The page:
Frances Dorothy Cartwright

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Frances Dorothy Cartwright (1780–1863) was an English poet and biographer.[1]

Life[edit]

Frances Cartwright was the youngest child of the Rev. Edmund Cartwright, inventor of the power-loom, by his first wife, Alice Whitaker. She was born 28 October 1780 at Marnham, Nottinghamshire[2] or Goadby Marwood, Leicestershire.[1] Her sister Elizabeth, under the pseudonym Mrs Markham, wrote A History of England ; another sister, Mary Strickland, wrote a biography of their father in 1843;[1] and their brother Edmund, who became a clergyman, wrote a Parochial Topography of the Rape of Bramber (1830).[3]("Rape" here is an obscure word meaning a county subdivision; that of Bamber centres on the River Adur.)

Frances's mother died on 12 September 1785, and after her father married again she was adopted by her uncle, the reforming politician John Cartwright, and sent to school at Richmond, to the west of London. She started writing small poems in 1802. In 1823, influenced by Spanish activists against King Ferdinand VII who had been hosted by her uncle (see Trienio Liberal), she learnt Spanish and translated a few of Rafael del Riego's poems into English.[4]

On the death of her uncle in 1824 she prepared her first published work, The Life and Correspondence of Major Cartwright, published in 1826. An uncritical account, it had no competitors until 1972.[5] She retired with Major Cartwright's widow to live at Worthing, and published her poems there anonymously, in a little volume, Poems, chiefly Devotional, dated 13 November 1835. Her translations of Riego's poems appeared, with her initials, in the poet's Obras Póstumas Poéticas (1844). She died at Brighton on 13 January 1863, aged 83.[4]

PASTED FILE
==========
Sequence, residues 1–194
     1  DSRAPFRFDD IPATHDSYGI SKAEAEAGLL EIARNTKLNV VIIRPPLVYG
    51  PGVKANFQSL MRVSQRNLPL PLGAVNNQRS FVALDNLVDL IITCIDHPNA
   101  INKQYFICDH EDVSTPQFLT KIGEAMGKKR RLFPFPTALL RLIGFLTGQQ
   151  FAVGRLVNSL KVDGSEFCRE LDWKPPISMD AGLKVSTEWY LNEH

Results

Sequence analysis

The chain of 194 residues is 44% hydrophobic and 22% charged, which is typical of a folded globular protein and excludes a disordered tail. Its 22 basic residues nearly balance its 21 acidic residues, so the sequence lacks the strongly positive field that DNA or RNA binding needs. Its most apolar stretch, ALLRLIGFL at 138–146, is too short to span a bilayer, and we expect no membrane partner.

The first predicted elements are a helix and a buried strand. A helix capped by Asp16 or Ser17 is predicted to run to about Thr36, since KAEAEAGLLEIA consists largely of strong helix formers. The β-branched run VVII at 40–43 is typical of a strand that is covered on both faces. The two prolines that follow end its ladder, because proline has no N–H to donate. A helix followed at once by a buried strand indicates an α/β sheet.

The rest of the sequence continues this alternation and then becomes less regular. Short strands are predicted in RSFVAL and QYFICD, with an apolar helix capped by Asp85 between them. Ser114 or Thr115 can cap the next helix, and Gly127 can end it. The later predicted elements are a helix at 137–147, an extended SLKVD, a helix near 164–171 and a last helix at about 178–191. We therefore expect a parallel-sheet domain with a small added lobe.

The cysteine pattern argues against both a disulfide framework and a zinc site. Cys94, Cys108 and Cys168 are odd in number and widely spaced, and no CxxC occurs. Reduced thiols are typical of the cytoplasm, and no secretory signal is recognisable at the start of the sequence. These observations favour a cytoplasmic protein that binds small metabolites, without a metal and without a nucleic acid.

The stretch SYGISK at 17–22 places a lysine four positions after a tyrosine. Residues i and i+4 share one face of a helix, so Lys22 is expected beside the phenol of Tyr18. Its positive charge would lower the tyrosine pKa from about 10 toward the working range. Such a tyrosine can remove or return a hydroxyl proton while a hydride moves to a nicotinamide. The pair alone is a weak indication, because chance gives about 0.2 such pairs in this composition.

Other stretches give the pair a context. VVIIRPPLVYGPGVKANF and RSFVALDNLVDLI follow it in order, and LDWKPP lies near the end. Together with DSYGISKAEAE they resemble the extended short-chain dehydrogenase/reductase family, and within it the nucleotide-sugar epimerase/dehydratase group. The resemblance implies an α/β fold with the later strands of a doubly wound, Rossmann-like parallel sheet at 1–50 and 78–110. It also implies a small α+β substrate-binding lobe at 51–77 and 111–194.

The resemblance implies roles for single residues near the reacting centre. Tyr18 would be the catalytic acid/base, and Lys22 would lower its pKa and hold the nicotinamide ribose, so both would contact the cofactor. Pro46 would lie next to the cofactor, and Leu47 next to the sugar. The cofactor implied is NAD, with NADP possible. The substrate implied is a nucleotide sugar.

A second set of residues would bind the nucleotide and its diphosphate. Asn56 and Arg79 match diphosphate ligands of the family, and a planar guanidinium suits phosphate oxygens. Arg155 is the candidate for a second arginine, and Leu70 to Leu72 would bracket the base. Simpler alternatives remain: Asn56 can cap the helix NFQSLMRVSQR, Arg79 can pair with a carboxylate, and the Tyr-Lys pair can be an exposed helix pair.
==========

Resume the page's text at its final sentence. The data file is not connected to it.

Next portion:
References[edit]

  1. ^ a b c Rosemary Mitchell, Cartwright, Frances Dorothy (1780–1863), Oxford Dictionary of National Biography, Oxford University Press, 2004, accessed 29 July 2013.
  2. ^ Frances Dorothy Cartwright
  3. ^ Rosemary Mitchell, Penrose, Elizabeth [Mrs Markham] (c.1779–1837), Oxford Dictionary of National Biography, Oxford University Press, 2004; online edn, Oct 2009, accessed 29 July 2013.
  4. ^ a b  Humphreys, Jennett (1887). "Cartwright, Frances Dorothy". In Stephen, Leslie. Dictionary of National Biography. 9. London: Smith, Elder & Co.  References cited by Humphrey: Frances Cartwright's Life of her uncle, i. 163, 405, 408-12, ii. 163, 243, 245, 279. 301: her Poems, 18, 21-6. 41, 47, 48. 50; El Romancero and Obras Póstumas Poéticas of E. A. del Riego y Nuñez and R. del Riogo y Nuñez, on coloured leaves, not paged; Brighton Examiner, 20 January 1863.
  5. ^ J. W. Osborne, John Cartwright, 1972.

External links[edit]